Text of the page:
Starting with Edition 1.9.16, commercial use is also explicitly allowed, provided that printed copies are not distributed. In other words, the text is also released under the terms of the Creative Commons license Attribution-NoDerivs, amended to include a prohibition on the distribution of printed copies. The Creative Commons license summary linked to here states that “you are free to share – copy and redistribute the material in any medium or format for any purpose, even commercially”; this license is amended by this paragraph to limit “any medium” to non-printed media. Permissible commercial uses may include, but are not limited to, use in internal training programs, use in for-profit training and educational programs, sale of the work in the electronic formats available here, and installation throughout the Amazon EC2.

The Attribution clause of the Creative Commons licenses [Section 4, (b) for by-nd or (c) for by-nc-nd] requires that redistributors of the work provide “… (iii) to the extent reasonably practicable, the URI, if any, that Licensor specifies to be associated with the Work”. That URI is

Under the Creative Commons licenses, creation of derivative works requires permission. It is not entirely clear, however, what would be considered a derivative work, beyond the traditional examples of abridgment and translation. Any supplemental materials like exams, labs, slides or coverage of additional topics would be new, independent works, and would require no permission. Even the inclusion in such supplements of modest amounts of material from this book would have a strong claim to Fair Use. In the open-source software world, the right to make derivative works is exercised whenever the software is modified, but it is hard to see how this applies to textbook supplements. The bottom line is that if you have a situation you’re concerned about in this regard, let me know and I’ll probably be happy to grant permission.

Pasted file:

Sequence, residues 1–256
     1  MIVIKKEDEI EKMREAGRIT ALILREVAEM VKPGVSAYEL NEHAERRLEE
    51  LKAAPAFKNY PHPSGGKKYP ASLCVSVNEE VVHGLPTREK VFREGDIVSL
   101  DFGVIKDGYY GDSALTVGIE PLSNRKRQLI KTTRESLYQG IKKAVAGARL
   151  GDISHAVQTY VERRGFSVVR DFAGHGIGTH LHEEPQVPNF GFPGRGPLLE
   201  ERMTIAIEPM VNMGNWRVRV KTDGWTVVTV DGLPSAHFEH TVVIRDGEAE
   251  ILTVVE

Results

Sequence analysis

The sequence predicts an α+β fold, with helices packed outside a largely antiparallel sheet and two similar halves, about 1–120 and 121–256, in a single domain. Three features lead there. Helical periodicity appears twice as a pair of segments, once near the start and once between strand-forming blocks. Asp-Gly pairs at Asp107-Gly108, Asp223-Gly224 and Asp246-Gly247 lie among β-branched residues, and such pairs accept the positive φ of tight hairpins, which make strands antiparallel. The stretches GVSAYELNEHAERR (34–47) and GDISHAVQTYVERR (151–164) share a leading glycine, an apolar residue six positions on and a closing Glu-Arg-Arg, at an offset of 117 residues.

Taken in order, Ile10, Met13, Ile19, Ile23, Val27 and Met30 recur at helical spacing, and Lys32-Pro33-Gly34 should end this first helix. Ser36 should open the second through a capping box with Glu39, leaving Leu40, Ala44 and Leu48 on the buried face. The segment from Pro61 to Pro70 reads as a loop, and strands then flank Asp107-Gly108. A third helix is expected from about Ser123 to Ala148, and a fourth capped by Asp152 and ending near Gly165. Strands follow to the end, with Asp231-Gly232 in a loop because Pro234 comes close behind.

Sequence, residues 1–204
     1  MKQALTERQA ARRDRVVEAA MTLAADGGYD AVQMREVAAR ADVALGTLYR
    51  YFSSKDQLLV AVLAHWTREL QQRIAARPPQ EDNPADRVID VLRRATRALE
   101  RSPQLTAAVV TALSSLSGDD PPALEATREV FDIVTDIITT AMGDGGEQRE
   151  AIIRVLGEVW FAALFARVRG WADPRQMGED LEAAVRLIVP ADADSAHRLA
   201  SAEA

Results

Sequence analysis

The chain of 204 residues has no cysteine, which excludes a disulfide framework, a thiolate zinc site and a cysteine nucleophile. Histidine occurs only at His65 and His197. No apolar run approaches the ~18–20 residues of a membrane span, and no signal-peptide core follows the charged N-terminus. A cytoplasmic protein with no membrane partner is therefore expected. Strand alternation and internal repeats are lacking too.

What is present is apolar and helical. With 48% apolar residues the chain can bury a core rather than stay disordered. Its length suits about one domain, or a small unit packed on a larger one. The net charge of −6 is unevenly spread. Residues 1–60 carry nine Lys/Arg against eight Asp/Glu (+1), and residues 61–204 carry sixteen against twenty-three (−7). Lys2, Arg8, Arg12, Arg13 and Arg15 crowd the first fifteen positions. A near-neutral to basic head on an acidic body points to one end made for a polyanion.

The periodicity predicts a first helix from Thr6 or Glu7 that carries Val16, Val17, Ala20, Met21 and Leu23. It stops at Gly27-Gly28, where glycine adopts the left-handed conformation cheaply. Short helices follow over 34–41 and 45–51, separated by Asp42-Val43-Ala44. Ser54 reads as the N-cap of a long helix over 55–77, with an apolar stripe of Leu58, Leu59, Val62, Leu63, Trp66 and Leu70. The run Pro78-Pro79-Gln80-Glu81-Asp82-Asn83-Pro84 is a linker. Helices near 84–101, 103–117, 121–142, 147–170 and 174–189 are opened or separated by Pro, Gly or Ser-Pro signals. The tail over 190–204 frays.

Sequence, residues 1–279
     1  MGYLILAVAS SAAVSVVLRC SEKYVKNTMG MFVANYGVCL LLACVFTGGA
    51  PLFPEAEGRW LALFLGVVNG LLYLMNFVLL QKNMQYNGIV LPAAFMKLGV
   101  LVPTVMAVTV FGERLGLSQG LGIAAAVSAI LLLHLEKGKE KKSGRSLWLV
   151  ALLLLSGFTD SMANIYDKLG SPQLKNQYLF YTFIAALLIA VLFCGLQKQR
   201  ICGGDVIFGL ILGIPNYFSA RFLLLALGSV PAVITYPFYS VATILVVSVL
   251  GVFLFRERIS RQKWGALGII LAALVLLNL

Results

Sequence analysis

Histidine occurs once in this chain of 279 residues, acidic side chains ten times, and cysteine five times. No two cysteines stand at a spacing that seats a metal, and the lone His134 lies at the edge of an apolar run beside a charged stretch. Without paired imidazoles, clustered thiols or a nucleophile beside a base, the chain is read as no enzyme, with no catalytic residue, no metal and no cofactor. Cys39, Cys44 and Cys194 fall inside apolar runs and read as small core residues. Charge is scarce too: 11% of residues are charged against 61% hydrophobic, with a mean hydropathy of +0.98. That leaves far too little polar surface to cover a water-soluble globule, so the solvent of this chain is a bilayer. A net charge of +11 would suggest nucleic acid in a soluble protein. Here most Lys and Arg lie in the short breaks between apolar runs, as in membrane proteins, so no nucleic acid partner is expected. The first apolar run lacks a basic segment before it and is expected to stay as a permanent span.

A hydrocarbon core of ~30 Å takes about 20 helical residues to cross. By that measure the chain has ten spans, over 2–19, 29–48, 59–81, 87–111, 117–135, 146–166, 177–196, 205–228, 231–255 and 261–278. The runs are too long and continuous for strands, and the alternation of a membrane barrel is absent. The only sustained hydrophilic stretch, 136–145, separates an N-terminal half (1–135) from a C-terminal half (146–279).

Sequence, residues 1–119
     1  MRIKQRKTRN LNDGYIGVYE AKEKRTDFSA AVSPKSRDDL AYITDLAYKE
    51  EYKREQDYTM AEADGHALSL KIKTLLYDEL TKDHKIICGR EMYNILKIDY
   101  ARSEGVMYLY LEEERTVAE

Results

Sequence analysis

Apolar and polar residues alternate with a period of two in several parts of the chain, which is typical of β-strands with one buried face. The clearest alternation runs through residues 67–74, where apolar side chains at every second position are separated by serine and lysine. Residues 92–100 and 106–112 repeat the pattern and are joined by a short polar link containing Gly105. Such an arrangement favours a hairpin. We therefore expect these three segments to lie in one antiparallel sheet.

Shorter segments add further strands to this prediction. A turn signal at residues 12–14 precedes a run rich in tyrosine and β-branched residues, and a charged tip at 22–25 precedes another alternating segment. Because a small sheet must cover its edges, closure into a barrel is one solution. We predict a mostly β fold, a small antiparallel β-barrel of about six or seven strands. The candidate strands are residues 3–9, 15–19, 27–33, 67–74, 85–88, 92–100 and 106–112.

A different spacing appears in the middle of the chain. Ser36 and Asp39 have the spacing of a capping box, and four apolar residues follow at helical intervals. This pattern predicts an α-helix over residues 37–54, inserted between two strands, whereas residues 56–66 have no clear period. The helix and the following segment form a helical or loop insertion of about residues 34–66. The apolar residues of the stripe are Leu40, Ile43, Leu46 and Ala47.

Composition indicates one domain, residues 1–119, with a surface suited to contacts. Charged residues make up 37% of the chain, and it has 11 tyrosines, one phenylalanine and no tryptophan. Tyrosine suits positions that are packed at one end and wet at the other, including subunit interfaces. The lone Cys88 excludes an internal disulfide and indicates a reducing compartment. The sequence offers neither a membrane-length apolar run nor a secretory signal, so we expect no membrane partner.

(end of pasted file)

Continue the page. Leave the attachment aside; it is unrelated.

Some of the chapters contain source code; this is licensed under the Apache 2.0 license. Some code files (those which are derivative works) contain an official Apache license statement; others do not.

German Edition

I am delighted to announce that Rheinwerk Verlag has undertaken the translation of the book into German, with technical review by Dr Matthias Wübbeling of the University of Bonn, and has now published it as a commercial print edition. The book is available at

Classroom Use